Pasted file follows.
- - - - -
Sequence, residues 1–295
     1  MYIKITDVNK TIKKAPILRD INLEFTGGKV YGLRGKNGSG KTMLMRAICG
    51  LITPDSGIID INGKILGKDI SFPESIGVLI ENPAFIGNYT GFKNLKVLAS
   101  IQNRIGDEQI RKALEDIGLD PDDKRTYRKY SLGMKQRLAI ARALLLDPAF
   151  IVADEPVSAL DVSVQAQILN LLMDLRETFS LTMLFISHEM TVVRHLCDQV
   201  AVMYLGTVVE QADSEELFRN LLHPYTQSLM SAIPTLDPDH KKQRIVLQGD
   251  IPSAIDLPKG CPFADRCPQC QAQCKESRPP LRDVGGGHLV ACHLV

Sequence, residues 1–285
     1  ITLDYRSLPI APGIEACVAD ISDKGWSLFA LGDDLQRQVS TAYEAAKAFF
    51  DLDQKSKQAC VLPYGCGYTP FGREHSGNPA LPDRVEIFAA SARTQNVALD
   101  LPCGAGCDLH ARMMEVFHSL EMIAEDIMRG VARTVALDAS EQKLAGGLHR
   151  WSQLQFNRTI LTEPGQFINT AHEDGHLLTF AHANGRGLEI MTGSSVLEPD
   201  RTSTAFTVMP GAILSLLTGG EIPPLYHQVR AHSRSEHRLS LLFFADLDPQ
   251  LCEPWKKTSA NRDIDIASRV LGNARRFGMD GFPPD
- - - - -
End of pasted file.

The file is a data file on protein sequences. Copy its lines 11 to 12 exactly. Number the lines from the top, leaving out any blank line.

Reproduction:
   101  LPCGAGCDLH ARMMEVFHSL EMIAEDIMRG VARTVALDAS EQKLAGGLHR
   151  WSQLQFNRTI LTEPGQFINT AHEDGHLLTF AHANGRGLEI MTGSSVLEPD